I spend the week leading up to my interview with Ambassador Wendy Sherman, America’s chief negotiator on the Iran deal, negotiating the terms of our meeting. The ambassador’s office and I come to the following deal: I will have exactly 15 minutes for a Q & A, including the time it takes to photograph the ambassador. I must send over the topics I will cover in advance. I must also accept the fact that there will be another person in the room, who looks and acts exactly like Tom Hagen, Don Corleone’s consigliere.
The 15 minutes go by in what feels like less time than it takes to say: “I haven't asked a single tough question yet, have I?” I'm escorted out. I leave Sherman’s office completely discombobulated. Shirt stained with sweat. Hair a mess. I feel failure: I didn’t ask her about any specifics of the Iran Deal.
But then, I have a realization. I’ve learned everything I could have hoped from the ambassador, even if I didn’t break any news: Don’t ever negotiate with a nuclear negotiator, unless you’re looking for a verbal ass kicking.
Fifteen Minutes: What brings you to Harvard this semester? Why did you choose to come here?
Ambassador Wendy Sherman: I came here A) because I was asked to, but more importantly, it’s a chance to really reflect on the last four years as under secretary for political affairs. I traveled to over 54 countries, and obviously spent many, many days in Vienna on the Iran nuclear negotiation. I was thoroughly exhausted and needed to reflect on what I had done, and this is an extraordinary environment in which to both decompress and reflect, and hopefully bring some contributions to the students here.
FM: How do you think that ISIS and the enemy of your enemy is your friend thing that developed helped bring Iran to the table?
Sherman: I don’t think ISIS brought Iran to the table. I think what brought Iran to the table was the overwhelming sanctions, and a desire not to be isolated from the international community. The sanctions never stopped Iran’s nuclear program. In 2003, they probably had 164 centrifuges; when we began negotiating, they had 19,000 centrifuges. So, it never stopped the program, but it did bring them to the negotiating table. And the entire Security Council was behind the isolation of Iran for fear that it was developing a nuclear weapon. I think President Hassan Rouhani’s election created a shift in Iran and President Obama made some very calculated and very smart decisions about how we approached the Iran negotiation, and I think his leadership has been fundamental to that.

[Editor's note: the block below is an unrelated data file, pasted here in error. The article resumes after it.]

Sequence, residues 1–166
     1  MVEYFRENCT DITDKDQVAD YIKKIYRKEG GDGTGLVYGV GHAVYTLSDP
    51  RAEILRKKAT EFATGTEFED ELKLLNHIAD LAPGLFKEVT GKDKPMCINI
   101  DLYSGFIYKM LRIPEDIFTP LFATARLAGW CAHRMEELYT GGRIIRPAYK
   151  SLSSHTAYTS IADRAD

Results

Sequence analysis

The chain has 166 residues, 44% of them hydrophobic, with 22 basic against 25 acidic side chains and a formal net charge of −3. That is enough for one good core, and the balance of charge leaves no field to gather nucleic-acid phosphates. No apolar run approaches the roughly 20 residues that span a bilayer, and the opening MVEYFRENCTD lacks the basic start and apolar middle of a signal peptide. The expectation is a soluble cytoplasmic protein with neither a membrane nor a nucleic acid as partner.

FM: I want to get into the behind the scenes aspects of the negotiations. Obviously, there are huge cultural differences between America and Iran, so I’m wondering: How did you connect with the Iranians outside of the negotiating table? What was some common ground you found that you think might have enabled you to negotiate and understand one another?
Sherman: Well, the negotiations under Foreign Minister Zarif were all held in English. When we had negotiations with Jalili, they were all in Farsi from their side and English on our side, through translators, which always makes it more difficult. So, [conducting negotiations in English] helped immensely. We spent an enormous amount of time with each other, so you get to know each other. The lead working negotiator for Iran, Abbas Araghchi, and I both had grandchildren during this time, so we’d share videos of our grandchildren. It created some humanity; it didn’t mean that we changed our national positions or that the underlying mistrust disappeared—it did not. This agreement is based on verification and monitoring, not on trust.
FM: How do you convince the people on the other side of the negotiation table that you’re serious and that there’s nothing to worry about?
Sherman: We are a democracy. People have a right to speak their mind. We explained this to the Iranians, and that we had to have a deal that was good enough to be sustainable and could manage all of the politics we have to face. They, of course, came back to us and said: We have… hard liners, we have the [Iranian Revolutionary Guard Corps]. We have politics too, so we have to have a deal we can sustain on our side. So, we went back and forth on this on both sides of the equation and the reality is any negotiation, any negotiation, has to withstand the politics in any country who is sitting at the table. And it has to be sustainable and meet those interests in a way that make it durable.
FM: There’s a live campus issue right now that has a lot of Harvard students very divided, and that’s the Israeli-Palestinian conflict. Putting your negotiator hat on, what are steps students could take on both sides of that issue to maybe work together and seek a solution? How does negotiating from sides that are so differing in their beliefs ever really happen?
Sherman: Unless the leaders themselves want to create peace, it’s not going to happen. Everybody knows what the elements of an outcome, a fair outcome, could be. There’s not a mystery around that. But there has to be the political will to do that, and it has to be in the interest of Mahmoud Abbas and Bibi Netanyahu representing their populations to do this. And there are some things outsiders, including the United States, can do to support coming to an agreement, but at the end of the day, the leaders themselves, the people themselves, have to make that difficult decision, and they don’t seem to be there right now.